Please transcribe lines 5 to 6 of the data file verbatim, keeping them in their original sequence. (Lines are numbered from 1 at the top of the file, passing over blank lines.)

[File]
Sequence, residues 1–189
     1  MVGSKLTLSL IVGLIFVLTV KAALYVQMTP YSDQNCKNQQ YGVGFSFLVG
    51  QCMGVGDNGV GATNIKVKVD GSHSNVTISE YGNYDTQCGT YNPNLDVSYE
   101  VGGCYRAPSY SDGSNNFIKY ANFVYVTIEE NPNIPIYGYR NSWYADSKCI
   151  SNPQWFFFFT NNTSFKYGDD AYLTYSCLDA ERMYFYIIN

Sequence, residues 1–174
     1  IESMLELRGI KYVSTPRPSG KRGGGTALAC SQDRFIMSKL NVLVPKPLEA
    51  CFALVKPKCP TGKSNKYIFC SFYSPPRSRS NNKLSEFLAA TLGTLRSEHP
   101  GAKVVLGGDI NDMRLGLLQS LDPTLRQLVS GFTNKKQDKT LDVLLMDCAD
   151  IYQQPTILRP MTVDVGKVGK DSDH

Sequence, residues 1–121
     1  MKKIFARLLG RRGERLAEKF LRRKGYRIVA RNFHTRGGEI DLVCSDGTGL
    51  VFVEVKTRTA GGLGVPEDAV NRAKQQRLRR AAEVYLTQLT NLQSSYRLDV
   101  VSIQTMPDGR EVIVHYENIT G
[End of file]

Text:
   151  SNPQWFFFFT NNTSFKYGDD AYLTYSCLDA ERMYFYIIN

Sequence, residues 1–174